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In this video I'm going to start on another chair to go with the chair I have made previously. Quite often in games, we need lots of similar props. As an example, we may walk into a restaurant or cafe, and there are some of these curvy balloon back chairs as well as some of the ladder back chairs. It's important to have a variety of props even though they may share textures, as we're going to do. As we need to see the variation, we tend to have, well, different stuff around. It's not very often outside of maybe a large corporate office, for example, that we see exactly the same chair in so many rows.
So I'll make a curve chair and use it as a way to explore curved forms for games. What I'll start out with is blocking out the seat. It's basically a cylinder, so it should go pretty quick. Then I'll look at doing the back, and I'll start this actually as a torus. I'm going to use my existing bounding box, and that way I have a template to match in the size of the chairs. I'll choose Display > Show > Show Geometry > Polygon Surfaces. I'll take my bounding box, duplicate it by pressing Ctrl+D, and move it over. I'll take the existing chair and hide it temporarily, pressing Ctrl+H to hide.
There's the bounding box, and this will work pretty well for at least getting the volume established. What I'll start out with is making the seat. I'll press Shift and right-click and put in a Poly Cylinder. I'll drag one in and align it onto this box. In my Align Tools I'm going to put it on the center, it's already down on the floor, and I'll put it forward. I'll go into a Wireframe, and there is that cylinder. In the polyCylinder1 attributes then I'm going to bring the Radius down to six and the Height down to one.
I'll also bring the Subdivisions Axis down to 16. Yes, it is a round object, but there is a good chance we're going to see it from about here in a game. Unless we happen to pick it up and throw it or move it out of the way, we probably won't take note of too many facets. We tend to allow things like that in games as we realize we just can't spend the polys, and we can use them in other places. So as long as it's close enough to round, we'll be in pretty good shape. I'll move this up, pressing and holding V and D, snapping the pivot on any top vertex, and pulling this up to my seat line.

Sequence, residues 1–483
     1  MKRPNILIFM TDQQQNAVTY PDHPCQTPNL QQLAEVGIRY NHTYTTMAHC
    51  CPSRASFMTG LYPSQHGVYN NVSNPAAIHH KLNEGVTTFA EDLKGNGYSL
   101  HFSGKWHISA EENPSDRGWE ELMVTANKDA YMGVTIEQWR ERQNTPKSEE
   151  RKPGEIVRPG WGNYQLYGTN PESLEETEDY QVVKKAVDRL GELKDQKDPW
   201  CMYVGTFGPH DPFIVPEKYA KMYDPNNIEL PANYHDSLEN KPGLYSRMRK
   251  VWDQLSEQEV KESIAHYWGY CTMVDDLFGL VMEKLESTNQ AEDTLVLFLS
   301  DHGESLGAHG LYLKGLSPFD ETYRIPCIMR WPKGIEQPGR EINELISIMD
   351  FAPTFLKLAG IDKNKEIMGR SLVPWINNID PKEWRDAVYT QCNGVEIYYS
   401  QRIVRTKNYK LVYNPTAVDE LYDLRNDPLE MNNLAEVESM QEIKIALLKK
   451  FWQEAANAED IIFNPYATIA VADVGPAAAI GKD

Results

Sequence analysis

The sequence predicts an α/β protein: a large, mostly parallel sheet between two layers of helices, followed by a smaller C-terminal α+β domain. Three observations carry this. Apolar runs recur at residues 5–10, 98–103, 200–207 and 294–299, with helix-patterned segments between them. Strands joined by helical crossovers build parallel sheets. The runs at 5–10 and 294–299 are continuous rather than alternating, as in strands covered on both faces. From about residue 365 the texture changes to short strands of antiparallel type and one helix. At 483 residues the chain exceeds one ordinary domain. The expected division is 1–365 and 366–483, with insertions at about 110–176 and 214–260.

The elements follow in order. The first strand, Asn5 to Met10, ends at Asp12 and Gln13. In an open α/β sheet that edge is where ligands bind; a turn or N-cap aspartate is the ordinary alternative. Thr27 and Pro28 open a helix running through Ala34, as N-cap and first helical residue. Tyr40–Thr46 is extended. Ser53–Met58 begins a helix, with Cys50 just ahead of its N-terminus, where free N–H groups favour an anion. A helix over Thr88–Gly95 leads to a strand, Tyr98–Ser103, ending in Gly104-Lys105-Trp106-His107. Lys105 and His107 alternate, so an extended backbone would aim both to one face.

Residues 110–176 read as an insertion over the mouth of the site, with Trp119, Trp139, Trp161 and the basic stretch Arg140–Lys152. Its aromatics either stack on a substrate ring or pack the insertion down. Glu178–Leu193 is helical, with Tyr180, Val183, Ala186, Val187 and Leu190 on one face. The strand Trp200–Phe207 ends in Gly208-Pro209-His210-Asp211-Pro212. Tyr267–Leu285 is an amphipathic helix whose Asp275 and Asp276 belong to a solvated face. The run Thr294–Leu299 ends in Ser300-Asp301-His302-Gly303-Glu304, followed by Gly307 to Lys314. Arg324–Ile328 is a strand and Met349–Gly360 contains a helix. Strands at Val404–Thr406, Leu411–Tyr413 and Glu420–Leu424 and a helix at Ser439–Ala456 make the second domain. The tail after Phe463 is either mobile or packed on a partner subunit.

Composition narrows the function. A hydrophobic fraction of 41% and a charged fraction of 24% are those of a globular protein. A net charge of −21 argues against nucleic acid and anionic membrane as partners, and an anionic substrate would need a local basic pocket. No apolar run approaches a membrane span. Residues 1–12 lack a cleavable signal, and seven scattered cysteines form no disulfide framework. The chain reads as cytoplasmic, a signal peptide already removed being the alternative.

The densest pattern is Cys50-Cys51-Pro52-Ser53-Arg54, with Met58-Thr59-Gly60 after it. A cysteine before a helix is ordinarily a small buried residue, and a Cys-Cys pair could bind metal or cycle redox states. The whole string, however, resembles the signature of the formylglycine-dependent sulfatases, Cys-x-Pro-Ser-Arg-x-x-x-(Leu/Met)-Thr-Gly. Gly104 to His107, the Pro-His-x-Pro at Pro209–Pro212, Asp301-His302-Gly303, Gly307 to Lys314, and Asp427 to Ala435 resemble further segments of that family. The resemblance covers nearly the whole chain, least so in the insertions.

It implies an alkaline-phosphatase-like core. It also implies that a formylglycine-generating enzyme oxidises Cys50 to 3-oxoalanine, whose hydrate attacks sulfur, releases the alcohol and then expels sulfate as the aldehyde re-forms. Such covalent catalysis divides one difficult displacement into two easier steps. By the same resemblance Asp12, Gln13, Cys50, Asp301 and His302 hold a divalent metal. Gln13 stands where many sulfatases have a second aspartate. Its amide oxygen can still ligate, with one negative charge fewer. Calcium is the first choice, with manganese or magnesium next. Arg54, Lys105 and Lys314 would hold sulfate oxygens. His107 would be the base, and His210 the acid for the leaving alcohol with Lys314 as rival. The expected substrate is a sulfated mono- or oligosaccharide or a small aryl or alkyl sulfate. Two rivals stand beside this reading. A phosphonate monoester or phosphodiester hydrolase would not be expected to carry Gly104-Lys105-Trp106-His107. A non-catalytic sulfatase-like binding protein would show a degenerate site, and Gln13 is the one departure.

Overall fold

Then I'll pull it up forward, and I'm ready to get the back in. For the back I'll go into a Front View. I'll press F to focus and then zoom out. If we look at the reference, it's actually not a full circle. There is a quarter round, it's slightly flat on top, and another round. The inset piece here is a separate object. Then this whole back, once the round straightens out, and actually it does straighten out, it's bent in this shallow curve. Really, the way to attack this is to make the roundest form first, stretch it to make the flat, extrude it down to make the legs and bend the whole thing.
I'll start out with a Torus, holding Shift and right-clicking, and choosing Poly Torus. I'll make a Poly Torus in here, dragging one in, giving it a radius, and going to the polyTorus1 attributes. What I'll do is put the radius of this at slightly bigger than the width of my bounding box, let's say a Radius of seven to really accent that balloon back. I'll put the Section Radius at .625, so it's an inch and a quarter across. I'll come down here to the Subdivision access, and I'll put it at 18. Here's why.
If we make the sides a multiple of two, but not four, we end up with a flat spot. And I know I need a flat spot at the top of my chair. What this will let me to do is, if I need, stretch across the flat. Down here I'm going to delete these faces and extrude that equatorial edge loop across, but up here I want to bring in--or actually automatically have--the flat spot at the top. It looks in my estimate that this might be a little thick, so I'll take that Section Radius down while I still can to 0.5. I'll pull this up and take the Subdivisions Height down.